We are only part way back (continued….)
We continue this week with our discussion with what appears to be slowing positive change with various economic data points (i.e. a slowing second derivative). As the pandemic began to make its way across the globe and the recession started, many investors and policy makers put forth a “V shaped” recovery as a hopeful thesis. This would imply that the bounce back would be as strong as the drop was sharp. While this has apparently happened in the stock market, it appears that a different trend in the regular economy is developing. China, by far and away, had the best economic recovery. Europe seems to be improving on a more consistent basis and North America is somewhat mixed. In particular, the US, while appearing to have reached a bottom, has come back partially with slowing improvement in recent months. Travel, office attendance, hotel reservations and restaurant traffic seem to be hovering at around 50-60% of what they were before the pandemic and consumer confidence has been mixed (the consumer is 66% of US GDP).
- Continuing the focus on the consumer, Figure 1 presents retail sales data with auto purchases removed for both Canada and the US as I wanted to get a look at how general purchases have responded. As you can see, it looks like there has been a strong snap back in both countries, which is good. However, these data series do not contain spending on leisure and hospitality, which is below trend as noted above.
- We also present inflation data in Figure 2, for various parts of the world. Generally, investors do not like inflation, and it has been depressed globally since the Great Financial Recession. Central banks have tried to manage this, which has led to asset inflation only and some serious geopolitical issues with the creation of substantial economic disparities. At this point, some inflation would be healthy (our opinion) because it would imply higher wages and more disposable income for the consumer. We will be watching this closely as we believe that this needs to change over time.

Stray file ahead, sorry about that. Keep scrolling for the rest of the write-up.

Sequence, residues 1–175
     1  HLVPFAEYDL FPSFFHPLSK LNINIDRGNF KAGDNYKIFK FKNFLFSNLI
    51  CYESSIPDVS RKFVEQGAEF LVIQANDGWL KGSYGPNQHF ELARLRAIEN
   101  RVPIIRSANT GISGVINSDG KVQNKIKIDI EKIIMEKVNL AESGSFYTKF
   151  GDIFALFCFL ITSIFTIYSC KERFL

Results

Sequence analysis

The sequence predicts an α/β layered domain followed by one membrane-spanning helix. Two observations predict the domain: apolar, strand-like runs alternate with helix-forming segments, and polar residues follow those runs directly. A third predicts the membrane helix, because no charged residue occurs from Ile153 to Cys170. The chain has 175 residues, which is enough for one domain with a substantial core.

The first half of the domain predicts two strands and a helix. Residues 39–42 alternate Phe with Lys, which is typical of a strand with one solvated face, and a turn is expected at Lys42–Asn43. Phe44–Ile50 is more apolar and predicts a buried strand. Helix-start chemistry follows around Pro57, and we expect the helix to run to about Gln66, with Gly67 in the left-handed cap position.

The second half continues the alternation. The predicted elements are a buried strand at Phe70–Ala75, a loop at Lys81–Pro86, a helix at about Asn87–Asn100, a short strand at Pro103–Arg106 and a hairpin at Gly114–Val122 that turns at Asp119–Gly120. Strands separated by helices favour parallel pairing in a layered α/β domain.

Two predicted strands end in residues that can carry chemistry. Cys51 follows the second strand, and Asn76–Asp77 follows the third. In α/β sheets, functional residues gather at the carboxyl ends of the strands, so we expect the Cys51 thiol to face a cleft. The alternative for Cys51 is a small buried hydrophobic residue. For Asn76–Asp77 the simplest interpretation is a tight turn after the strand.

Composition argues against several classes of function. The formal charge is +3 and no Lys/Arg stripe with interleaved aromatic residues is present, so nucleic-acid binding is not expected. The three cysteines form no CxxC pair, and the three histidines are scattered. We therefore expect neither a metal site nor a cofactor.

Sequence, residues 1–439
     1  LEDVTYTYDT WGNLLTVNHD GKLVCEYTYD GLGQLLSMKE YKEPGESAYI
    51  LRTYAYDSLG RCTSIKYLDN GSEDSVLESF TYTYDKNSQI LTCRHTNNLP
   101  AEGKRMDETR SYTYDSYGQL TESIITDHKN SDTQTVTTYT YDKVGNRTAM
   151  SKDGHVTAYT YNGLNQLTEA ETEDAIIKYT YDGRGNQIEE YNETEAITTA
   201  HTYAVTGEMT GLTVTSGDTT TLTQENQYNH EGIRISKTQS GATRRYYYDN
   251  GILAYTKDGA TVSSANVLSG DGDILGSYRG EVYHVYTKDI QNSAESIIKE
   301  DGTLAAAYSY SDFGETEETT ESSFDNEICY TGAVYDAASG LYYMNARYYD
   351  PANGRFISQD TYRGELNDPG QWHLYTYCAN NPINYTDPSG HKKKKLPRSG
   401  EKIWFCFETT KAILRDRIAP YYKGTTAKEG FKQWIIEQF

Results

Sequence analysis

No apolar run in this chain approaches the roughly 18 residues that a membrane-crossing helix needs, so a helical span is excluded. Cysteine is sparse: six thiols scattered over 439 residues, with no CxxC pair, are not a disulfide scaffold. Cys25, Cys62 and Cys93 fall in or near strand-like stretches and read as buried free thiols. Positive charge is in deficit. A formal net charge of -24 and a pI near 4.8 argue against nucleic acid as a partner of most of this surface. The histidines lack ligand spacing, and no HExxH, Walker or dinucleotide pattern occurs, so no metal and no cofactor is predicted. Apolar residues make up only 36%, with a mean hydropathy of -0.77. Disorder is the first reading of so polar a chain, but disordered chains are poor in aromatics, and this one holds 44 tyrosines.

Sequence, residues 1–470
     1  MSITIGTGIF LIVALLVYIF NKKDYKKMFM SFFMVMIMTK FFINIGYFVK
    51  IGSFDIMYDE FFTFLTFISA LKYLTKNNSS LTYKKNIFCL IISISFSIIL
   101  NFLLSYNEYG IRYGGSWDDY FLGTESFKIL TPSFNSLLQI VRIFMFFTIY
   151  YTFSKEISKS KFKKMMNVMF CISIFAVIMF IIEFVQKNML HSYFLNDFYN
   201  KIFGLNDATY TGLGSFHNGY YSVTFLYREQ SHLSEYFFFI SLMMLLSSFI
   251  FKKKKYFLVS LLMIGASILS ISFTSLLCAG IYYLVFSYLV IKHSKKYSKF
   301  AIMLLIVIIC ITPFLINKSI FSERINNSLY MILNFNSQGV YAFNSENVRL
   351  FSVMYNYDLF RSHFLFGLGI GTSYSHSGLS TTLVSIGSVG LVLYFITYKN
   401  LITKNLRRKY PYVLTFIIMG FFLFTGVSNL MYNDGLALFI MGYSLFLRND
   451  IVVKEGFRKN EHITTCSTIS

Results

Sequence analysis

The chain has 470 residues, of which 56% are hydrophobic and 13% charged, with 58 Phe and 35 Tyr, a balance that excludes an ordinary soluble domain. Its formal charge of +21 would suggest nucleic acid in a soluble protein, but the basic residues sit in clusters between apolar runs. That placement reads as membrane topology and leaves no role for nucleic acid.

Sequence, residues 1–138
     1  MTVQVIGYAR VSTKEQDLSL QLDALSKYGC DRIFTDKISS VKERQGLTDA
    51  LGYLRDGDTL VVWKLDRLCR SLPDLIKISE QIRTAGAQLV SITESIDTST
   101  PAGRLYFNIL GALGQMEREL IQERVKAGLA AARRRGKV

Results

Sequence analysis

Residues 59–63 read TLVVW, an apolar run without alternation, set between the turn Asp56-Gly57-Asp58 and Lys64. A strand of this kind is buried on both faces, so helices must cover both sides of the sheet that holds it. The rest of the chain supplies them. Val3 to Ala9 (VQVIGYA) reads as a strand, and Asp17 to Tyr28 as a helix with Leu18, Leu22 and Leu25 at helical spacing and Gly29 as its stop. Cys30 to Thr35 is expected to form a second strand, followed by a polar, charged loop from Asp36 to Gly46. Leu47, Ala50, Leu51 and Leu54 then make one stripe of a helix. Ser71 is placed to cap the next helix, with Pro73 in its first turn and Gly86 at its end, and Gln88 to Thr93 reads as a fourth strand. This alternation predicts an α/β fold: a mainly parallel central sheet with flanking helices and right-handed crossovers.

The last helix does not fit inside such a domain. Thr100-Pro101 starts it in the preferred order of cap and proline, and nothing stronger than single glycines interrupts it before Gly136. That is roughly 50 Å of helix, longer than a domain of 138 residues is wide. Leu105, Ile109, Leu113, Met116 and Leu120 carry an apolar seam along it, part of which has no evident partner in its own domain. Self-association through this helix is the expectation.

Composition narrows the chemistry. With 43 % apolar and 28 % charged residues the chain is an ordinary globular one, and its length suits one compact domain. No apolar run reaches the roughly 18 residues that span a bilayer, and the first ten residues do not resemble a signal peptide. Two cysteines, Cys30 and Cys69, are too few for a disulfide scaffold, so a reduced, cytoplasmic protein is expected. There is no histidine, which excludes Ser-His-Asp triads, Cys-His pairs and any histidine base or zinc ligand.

“This means that” while our thesis from last week has not changed, we will pay strict attention to this over the coming months. For the next few weeks, we will digress into company specific Investment Outlooks and will pick up the macro discussion again once when we have more data and conclusions to discuss.
National Instrument 31-103 requires registered firms to disclose information that a reasonable investor would expect to know, including any material conflicts with the firm or its representatives. Doug Johnson and/or Pathfinder Asset Management Limited are an insider of companies periodically mentioned in this report. Please visit www.paml.ca for full disclosures.
*All returns are time weighted and net of investment management fees. Returns from the Pathfinder Partners’ Fund and Pathfinder Real Fund are presented based on the masters series of each fund. The Pathfinder North American Equity Portfolio and The Pathfinder North American Income Portfolio are live accounts. These are actual accounts owned by the Pathfinder Chairman (Equity) and client (High Income) which contain no legacy positions, cash flows or other Pathfinder investment mandates or products. Monthly inception dates for each fund and portfolio are as follows: Pathfinder North American Equity Portfolio (January 2011), Pathfinder North American High-Income Portfolio (October 2012) Pathfinder Partners’ Fund (April 2011), Pathfinder Real Fund (April, 2013), and Pathfinder International Fund (November 2014).
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